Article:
Sssh. Listen. Brands need voices. Literally.

17 Apr 2017  |  Dominic Mills 
Sssh. Listen. Brands need voices. Literally.

Talking AI devices are taking over, and the prize for the brands that know how to exploit them will be huge, writes Dominic Mills

If you want to have some fun, listen to this Wheaties cereal jingle from 1926. It’s probably the first example of a brand trying to create a sound it could own. It seems to have worked. According to General Mills (no relation...tee hee), it saved the cereal from oblivion.

Fast forward 90 years, and the idea of brands owning a sound, a tone, a voice, is once again rising up the agenda, thanks to the advent of voice - whether through Amazon’s Alexa, Siri, Samsung’s Bixby and the latest addition, Google’s Home.

Of course, brands have always talked about ‘tone of voice’. But this has usually been a loose term - generally taken to mean how a brand defines its personality and conveys its values through the written word. When people talked about ‘tone of voice’ they rarely meant it literally.

We’re not quite there yet, where people will interact on a predominantly-voice, or voice-only basis, with brands. Well, actually, we sort of are if you include telephone banking stuff and call-centre interactions, but these are mostly humans.

I’m talking here more about the AI-led route, where speech recognition technology and natural language processing (NLP) techniques are advancing rapidly. According to scientists, speech recognition error rates are about 5% - the same as humans. Every percentage point decrease will rapidly accelerate consumer uptake of voice technology.

Hello, Google (and Alexa)

It’ll even crack accents at some point meaning, say, Scottish guys like these won’t get stuck in automated lifts again.

Now some parts of the ad industry are beginning to think hard about the implications of this for brands. Earlier this month, Mindshare and JWT produced a fascinating study.

Indeed, some brands are already experimenting with it, albeit in limited ways. Via Alexa’s Skills platform, Johnnie Walker has devised an app that allows users to ask about whisky recommendations (as you do). BMW and Just Eat also offer Skills access. It’s limited - it’s neither genuinely interactive, nor does it allow brands to create their own, unique voice.

A whopper whoopsie

And in the US last week, Burger King ran into some trouble with Google when it ran a TV ad (above) designed to stimulate Google Home into voicing the virtues of its Whopper. It’s sort of funny sitting over here, but you can see why Google stymied it and why consumers might feel invaded.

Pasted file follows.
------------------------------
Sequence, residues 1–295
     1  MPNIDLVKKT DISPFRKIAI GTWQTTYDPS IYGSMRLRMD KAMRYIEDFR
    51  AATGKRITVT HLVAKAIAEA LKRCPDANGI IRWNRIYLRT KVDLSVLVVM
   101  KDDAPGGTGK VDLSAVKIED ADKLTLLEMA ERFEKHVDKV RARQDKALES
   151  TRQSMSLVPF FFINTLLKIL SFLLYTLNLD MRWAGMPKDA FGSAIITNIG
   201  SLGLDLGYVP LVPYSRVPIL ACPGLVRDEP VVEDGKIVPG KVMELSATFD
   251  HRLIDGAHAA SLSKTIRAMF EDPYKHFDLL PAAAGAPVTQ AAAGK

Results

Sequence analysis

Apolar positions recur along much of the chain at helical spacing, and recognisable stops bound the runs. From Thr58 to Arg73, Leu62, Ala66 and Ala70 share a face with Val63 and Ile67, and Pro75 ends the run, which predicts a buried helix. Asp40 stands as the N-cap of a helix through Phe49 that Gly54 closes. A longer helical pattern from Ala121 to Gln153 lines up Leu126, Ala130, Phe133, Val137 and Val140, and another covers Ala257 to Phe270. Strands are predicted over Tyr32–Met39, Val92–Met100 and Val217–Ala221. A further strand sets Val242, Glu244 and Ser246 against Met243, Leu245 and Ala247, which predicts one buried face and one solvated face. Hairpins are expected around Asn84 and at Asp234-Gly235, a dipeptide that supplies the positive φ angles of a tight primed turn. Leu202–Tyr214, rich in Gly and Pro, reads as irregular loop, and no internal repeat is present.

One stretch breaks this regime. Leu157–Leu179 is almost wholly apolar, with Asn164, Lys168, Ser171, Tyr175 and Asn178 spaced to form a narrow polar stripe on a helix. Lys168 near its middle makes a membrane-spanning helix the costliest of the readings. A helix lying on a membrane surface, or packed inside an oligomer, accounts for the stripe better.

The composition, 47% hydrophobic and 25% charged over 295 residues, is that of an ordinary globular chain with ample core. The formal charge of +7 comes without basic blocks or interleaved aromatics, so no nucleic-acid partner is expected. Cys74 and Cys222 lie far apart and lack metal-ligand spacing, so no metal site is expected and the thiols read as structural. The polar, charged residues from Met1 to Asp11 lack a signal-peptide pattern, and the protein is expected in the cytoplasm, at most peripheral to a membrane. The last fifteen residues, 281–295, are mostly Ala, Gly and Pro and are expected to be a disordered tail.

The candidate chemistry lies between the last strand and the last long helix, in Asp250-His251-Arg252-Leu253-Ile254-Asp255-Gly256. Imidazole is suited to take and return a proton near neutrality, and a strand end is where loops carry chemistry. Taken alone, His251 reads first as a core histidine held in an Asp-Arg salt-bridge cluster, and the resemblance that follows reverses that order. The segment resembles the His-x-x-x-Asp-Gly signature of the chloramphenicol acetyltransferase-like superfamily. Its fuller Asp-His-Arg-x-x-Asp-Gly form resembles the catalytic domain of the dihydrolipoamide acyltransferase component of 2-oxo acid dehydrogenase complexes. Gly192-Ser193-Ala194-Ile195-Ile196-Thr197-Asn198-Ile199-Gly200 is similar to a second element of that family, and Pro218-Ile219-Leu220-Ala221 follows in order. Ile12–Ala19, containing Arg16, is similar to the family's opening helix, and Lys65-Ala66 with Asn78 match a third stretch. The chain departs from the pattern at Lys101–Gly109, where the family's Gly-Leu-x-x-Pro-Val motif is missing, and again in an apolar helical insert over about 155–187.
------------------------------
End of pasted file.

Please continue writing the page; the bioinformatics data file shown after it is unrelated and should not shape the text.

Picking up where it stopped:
But it’s a signal of the future.

So what are the big issues that brands need to face up to?

- Brands will have to figure out how they deal with the likes of Amazon, Google, Apple and so on. Via voice, these tech giants are taking ownership of the home environment

- Privacy, in the widest sense of the word, whether it’s the fear of being overheard or the dislike of being interrupted by commercial messages

- Voice liberates us from the screen, so brands will have to consider alternatives to visual cues to get top of mind in, for example, voice search

- Paid search for voice is unlikely. Brands will therefore have to develop ‘assistant optimisation’ - let’s call it AO - skills in order to get chosen by voice assistants

- Alternatives to search and AO will become more important. Mindshare suggests affiliate models will come to the fore - handing even more power to Alexa and co

- Get on board with IoT technology, wherever that takes them including, for example, connected packaging or household white goods. This could even extend to OOH sites. It’s possible to see how, once they can put aside their natural reluctance to do this in a public place, consumers can interact by voice with a poster site. See a car you like the look of? Just ask the poster site for the nearest dealers

- Developing content for chatbots so consumers can enjoy (maybe that’s not the right word) ‘chat’ experiences with brands

- Developing relevant content delivered by voice. This is complicated, since it involves not only getting the right content, but also - and this is where we go back to the ‘tone of voice’ premise - getting every detail of the communication right: accent, words, language, sentence structure, personality and so on nailed down to a precise degree.

But the prize is significant. According to Neuro Insight research for JWT and Mindshare, saying a brand name drives stronger emotional responses than typing it in. It follows then that being able to converse with one could strengthen its hold on the consumer.

And this is where it gets fun. Copywriters and voice-over artists who might have feared marginalisation will be in vogue. Their skills will be paramount.

Matching the voice to the brand will be an art form. Who, for example, would be the voice of Johnnie Walker? Certainly not David Beckham, despite his best efforts for Haig Clubman. No, maybe Sean Connery, Alex Ferguson or David Tennant.

If there was a choice, die-hard Scots nationalists might go for Alex Salmond or even Nicola Sturgeon.

Closer to home, who might you choose from adland? For my financial services brand I might choose the dulcet tones of Newsworks’ Denise Turner, whose soft hints of Ulster (she’s from Lurgan, Co. Armagh) strike just the right notes of probity and warmth.

Of course, if my bank wanted to tell me off it might prefer the voice of UKOM chair Douglas McArthur, aka the Dundee Exocet. He’d persuade me to pay off my overdraft without delay.


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18 Aug 2017 

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